Does cooking take a back seat for you now you’re at University?
Does cooking take a back seat for you now you’re at University? 85% of students, including those I have spoken to, “admit to being unable to cook at all.” I will be gaining a further insight into the stereotype of contemporary students and whether all of them should be placed under that same umbrella.
“Last year one girl didn’t know how to boil a potato so she just put it whole in a pan and it boiled dry…three times…she kept taking it out…scraping off the burnt bits and trying again. This set the fire alarm off and the whole block was evacuated…”
Its cases like these that make me wonder why something worthwhile hasn’t been done about the lack of student cooking experience before. A shocking one in five UK students have never been taught to cook.
Should Universities be the ones to help those in need at the beginning of their University career?
‘Negative descriptions of student behaviour’ is the second most popular search on Google when typing in ‘negative descriptions’, doesn’t this tell us something about the overriding negativity that surrounds students and student life nowadays?! Students are poor, lazy and unhealthy. Do these statements ring a bell at all? Isn’t that what we students are continuously labelled as? Well, maybe for some it is true, but the rest of us might actually want to break away from the stereotype of a University student.
I have spoken to a number of current students studying at University who did not have any guidance in the realm of cooking whatsoever before starting and also as they arrived at University but they would have benefited greatly from it. As many of you will know, moving to University from the comfort of your own home can be a nerve-wracking and daunting experience at the best of times, making new friends, working at a higher level and being left all alone. But what about literally surviving when you get there?
When you’re living at home with your parents there is no need for you to seriously worry about what you are going to eat each day, but when you move into self-catered halls you have to learn, often completely from scratch, how to physically keep yourself going. Martin Jacobs “can’t cook at all”, which is okay for him as he is luckily currently staying in catered accommodation part of Brighton University.
He added: “If I was shown one on one, going through it [cooking] practically and not just by something you’ve read would be very helpful as books aren’t always very clear”.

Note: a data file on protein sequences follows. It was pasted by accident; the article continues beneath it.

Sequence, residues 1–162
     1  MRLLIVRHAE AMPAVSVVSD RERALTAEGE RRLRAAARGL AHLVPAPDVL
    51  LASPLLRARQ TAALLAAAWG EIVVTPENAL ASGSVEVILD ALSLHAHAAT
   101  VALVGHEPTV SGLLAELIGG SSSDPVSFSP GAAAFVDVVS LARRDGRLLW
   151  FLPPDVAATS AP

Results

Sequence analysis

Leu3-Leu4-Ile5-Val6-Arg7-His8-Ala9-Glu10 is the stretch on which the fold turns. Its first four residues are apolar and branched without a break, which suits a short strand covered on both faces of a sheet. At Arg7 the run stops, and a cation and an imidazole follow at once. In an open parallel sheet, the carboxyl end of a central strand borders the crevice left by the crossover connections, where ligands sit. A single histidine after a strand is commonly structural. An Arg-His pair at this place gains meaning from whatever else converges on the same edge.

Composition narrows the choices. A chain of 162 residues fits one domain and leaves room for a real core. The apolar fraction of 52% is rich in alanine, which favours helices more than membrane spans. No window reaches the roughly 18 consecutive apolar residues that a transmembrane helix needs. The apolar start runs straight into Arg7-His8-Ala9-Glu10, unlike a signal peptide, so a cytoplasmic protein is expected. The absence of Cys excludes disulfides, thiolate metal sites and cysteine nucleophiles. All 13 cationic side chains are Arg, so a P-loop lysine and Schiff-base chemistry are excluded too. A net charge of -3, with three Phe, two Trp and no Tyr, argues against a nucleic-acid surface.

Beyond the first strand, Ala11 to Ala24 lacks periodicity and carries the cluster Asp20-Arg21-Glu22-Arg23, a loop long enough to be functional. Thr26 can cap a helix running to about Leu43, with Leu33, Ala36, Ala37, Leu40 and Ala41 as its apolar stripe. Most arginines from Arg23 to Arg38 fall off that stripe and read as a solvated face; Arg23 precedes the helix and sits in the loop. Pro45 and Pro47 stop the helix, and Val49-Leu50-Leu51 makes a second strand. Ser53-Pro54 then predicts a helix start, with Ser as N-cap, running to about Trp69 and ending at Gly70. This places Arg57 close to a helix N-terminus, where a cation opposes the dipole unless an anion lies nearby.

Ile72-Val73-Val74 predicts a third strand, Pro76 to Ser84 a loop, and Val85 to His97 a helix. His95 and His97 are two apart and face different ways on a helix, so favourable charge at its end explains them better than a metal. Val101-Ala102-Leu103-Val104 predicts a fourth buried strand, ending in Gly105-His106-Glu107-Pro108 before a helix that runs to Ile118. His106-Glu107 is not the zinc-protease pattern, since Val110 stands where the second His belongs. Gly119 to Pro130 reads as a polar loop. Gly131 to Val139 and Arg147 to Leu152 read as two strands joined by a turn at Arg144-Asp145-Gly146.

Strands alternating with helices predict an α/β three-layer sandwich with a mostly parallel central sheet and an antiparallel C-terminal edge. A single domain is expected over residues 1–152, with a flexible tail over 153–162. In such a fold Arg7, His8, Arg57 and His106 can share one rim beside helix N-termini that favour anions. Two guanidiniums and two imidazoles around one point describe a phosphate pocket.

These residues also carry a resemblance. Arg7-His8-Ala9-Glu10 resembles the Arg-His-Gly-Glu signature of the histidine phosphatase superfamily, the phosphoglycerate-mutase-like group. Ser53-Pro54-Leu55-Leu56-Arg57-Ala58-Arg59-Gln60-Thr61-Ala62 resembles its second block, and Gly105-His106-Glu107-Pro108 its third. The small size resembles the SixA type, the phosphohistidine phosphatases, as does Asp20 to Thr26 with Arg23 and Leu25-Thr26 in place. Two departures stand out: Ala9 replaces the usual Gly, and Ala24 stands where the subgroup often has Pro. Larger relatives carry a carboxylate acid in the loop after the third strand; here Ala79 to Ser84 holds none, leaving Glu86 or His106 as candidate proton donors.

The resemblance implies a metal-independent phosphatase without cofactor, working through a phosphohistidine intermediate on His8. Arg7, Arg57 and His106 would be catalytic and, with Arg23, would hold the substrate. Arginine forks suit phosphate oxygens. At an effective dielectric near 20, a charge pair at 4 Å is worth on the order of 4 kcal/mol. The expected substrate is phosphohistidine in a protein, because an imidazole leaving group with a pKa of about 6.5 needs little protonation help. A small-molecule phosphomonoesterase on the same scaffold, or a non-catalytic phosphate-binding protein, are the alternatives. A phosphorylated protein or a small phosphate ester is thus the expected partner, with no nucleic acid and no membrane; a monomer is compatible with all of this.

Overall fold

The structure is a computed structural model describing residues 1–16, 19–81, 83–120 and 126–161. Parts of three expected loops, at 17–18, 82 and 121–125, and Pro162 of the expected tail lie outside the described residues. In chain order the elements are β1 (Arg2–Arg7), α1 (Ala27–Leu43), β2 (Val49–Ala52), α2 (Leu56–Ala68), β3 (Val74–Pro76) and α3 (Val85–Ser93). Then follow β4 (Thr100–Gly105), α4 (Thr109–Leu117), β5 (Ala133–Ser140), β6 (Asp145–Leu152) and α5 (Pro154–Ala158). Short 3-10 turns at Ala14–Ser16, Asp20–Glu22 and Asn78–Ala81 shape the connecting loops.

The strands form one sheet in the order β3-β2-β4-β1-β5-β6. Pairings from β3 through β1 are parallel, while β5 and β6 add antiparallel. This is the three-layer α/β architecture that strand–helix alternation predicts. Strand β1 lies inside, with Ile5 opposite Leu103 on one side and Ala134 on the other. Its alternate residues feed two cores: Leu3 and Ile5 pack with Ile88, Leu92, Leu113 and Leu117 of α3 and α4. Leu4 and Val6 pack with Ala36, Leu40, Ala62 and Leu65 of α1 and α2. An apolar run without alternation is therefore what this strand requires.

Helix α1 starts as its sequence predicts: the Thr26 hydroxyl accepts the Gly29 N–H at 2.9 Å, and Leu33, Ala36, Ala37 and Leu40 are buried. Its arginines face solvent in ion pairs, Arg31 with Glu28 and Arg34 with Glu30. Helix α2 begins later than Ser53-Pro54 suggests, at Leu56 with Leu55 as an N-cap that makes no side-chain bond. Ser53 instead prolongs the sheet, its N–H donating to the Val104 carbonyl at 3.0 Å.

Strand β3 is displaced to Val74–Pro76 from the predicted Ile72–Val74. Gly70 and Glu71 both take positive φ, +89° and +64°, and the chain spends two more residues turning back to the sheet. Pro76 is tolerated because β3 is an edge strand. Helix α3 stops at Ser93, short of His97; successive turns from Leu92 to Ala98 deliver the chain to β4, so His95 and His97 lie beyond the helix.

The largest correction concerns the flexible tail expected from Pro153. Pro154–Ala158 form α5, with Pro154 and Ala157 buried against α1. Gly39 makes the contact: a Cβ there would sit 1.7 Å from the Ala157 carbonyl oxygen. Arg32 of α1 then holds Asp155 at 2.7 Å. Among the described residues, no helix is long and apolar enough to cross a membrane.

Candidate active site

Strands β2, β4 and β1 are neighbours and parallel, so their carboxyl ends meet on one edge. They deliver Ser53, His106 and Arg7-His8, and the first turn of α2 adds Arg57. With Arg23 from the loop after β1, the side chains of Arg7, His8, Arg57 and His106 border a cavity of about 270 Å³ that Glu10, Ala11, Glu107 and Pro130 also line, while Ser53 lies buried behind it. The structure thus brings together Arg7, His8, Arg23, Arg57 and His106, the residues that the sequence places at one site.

Nicola South is in her third year at the University of Winchester studying combined honours in Performing Arts and Journalism Studies, who would have jumped at the chance of a cooking workshop in her fresher year.
“Having a cooking workshop would have benefited me loads!” South said. “I might actually be able to eat well if I’d have taken part in one.” But sadly there were no such events when she, or in fact I, began at the University of Winchester. I then went on to ask Nicola if there are any areas she is particularly worried about when attempting to cook, she replied that still to this day “I get worried about cooking chicken because I don’t want to die from eating raw chicken”4. Basic cooking health and hygiene classes would prevent this fear of getting positively fired up in the kitchen.
Try something new to get students cooking. A social cooking workshop for fresher students each year and basic health and hygiene leaflets handed out during the first few weeks in September would be the driving force in getting students to cook safely, hygienically and healthily. I have spoken to a member of the student union at the University of Winchester who demonstrated an agreement to the issue and would be extremely happy to further this idea potentially into reality.
I didn’t want to necessarily come to a complete clear conclusion at the end of this piece. However, I did want to create awareness from the livelihoods of students who may, without guidance, burn instead of boil a potato or worse contract fatal food poisoning from under-cooking chicken.